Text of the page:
Amanda Balionis has become a household name among golf fans who watch CBS and TNT Sports broadcasts. The 33-year-old started small and worked her way up to the top. Balionis began her media career at Hofstra as a broadcast journalism major and worked at the student newspaper.
When she graduated in 2008, Balionis worked as a sideline reporter covering high school sports for Verizon FiOS1 Channel 1. She transitioned to a similar role in MSG Network and spent three years honing her sports commentator skills. Balionis joined the PGA Tour as a reporter and host, then she moved to Callaway Golf to work as an in-house reporter. Clearly, the golf expert knows a thing or two about hard work.
Amanda Balionis Joins CBS
In 2017, Balionis finally got the job she’d been working toward as a golf reporter for CBS, reports Golf Digest. The network debuted the SmartCart and needed someone who could wholly dedicate themselves to it. When she got the call asking her to join the team, Balionis says, “It was a humbling phone call and I felt really lucky and grateful that anybody believed I could fit that role.”
She immediately called her parents to share the great news. Her mom was thrilled that she’d be working with Jim Nantz. Although she’s now a seasoned golf reporter, Balionis is always prepared. She told Golf Digest, “No one’s going to catch me not asking a question because I wasn’t prepared for it.”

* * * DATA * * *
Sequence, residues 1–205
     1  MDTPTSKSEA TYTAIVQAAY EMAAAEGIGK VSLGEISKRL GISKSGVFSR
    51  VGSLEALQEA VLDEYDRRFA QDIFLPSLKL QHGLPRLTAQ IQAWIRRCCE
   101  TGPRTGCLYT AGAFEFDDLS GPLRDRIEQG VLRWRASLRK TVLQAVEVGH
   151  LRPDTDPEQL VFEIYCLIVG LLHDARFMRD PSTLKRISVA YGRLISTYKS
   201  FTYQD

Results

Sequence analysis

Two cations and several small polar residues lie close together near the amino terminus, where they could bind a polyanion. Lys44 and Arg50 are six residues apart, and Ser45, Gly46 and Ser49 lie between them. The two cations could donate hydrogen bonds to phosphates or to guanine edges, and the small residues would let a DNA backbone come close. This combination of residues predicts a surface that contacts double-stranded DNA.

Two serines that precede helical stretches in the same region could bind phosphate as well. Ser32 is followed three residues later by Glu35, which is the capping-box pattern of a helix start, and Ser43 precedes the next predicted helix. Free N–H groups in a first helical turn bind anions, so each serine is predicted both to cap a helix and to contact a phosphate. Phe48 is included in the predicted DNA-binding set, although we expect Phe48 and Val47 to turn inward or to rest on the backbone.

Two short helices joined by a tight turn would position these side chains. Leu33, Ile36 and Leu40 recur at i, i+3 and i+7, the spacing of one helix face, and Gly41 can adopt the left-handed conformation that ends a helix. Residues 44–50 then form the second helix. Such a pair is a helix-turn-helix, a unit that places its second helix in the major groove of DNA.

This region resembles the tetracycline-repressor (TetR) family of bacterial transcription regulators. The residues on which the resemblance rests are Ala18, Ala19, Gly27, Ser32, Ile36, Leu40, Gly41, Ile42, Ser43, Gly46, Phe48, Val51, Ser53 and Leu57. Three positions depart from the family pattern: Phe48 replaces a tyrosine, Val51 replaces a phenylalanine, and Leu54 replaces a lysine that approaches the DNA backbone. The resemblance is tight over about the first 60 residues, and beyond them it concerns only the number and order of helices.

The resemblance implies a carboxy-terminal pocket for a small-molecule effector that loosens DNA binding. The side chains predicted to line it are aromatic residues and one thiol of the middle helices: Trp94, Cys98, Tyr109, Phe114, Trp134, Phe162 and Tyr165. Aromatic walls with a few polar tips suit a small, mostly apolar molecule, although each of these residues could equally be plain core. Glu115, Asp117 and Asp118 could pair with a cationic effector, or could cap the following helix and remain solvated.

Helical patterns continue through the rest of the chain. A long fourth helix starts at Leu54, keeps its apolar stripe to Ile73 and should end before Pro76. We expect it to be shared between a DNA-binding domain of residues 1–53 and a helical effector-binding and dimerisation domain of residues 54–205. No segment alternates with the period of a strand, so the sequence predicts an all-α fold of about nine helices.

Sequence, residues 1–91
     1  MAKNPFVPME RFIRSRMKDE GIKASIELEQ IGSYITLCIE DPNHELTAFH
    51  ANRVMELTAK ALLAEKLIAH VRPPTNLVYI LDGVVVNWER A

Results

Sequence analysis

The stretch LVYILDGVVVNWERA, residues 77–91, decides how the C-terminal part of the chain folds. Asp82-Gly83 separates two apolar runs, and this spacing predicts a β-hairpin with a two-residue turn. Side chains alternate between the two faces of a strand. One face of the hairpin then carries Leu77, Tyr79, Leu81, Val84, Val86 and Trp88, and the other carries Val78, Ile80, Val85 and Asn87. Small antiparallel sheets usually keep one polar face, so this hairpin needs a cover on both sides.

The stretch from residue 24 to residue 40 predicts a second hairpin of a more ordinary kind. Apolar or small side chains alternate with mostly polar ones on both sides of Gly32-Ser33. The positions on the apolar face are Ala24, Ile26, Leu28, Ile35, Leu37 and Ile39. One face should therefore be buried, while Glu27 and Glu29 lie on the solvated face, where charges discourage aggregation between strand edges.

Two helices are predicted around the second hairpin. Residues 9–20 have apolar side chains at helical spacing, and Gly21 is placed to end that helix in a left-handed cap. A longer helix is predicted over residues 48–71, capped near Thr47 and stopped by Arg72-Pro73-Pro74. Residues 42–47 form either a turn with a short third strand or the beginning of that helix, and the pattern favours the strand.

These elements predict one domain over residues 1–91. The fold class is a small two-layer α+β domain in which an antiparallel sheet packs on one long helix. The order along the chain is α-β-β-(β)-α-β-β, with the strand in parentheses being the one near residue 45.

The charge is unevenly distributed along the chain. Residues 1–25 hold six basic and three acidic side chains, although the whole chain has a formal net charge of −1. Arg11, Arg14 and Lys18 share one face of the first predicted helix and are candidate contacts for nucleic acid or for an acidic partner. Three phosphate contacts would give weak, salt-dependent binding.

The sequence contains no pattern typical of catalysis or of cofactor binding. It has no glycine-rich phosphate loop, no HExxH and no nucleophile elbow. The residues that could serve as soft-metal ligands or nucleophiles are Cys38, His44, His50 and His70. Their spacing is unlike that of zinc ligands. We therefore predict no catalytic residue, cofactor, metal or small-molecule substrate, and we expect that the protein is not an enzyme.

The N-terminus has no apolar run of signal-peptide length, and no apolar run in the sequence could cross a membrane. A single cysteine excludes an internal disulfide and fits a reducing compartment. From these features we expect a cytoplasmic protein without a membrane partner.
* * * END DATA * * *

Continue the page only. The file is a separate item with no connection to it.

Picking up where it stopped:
This has allowed her to stay on top of her game. She’s happy that she gets to work with the best broadcast talent like Nantz and Nick Faldo, saying, “In this business, the CBS Golf team is the best of the best, and I feel so grateful being a part of it.”
‘Grueling’ broadcasting work
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Creating a network broadcast involves a lot of moving parts. There are several trucks of equipment, miles and miles of cables, and multiple storied towers that have to be put up and taken down and packed up when it’s time to move again. It takes a huge team to keep things running smoothly, from camera people to producers, directors, and other support staff. The TV compound is like a city that moves every time the broadcast has to move.
It can also be hectic to keep up with the chaos. While golf seems like a slow-moving sport to viewers at home, it’s very chaotic for the broadcasting team. Peter Kostis says an announcer’s life exists in six-second increments, according to Golf Digest. They also have to contend with two people talking to them in the earpieces while trying to say something on the air.
Being on the road covering golf tournaments can be grueling since the team can be away from their families for weeks or months at a time. They have to live out of hotel rooms and work long working hours, spending up to 15 hours on the weekends working. This punishing schedule can be weary for anyone. But the CBS golf broadcast team takes it in stride and still delivers a fantastic broadcast every time. This is because they love their jobs and the people they work with. With this type of work culture, it isn’t surprising that many team members have been with the network for decades.
What the future holds for Amanda Balionis
Although Balionis has spent most of her career covering golf events, she started to venture into football reporting, details Golf.com. When asked where she sees herself in a few years, Balionis said, “The dream gig would be full-time golf and football.” Recently, she served as a sideline reporter for the NFL’s Week 5 Raiders-versus-Chargers game. She hopes to get similar opportunities soon.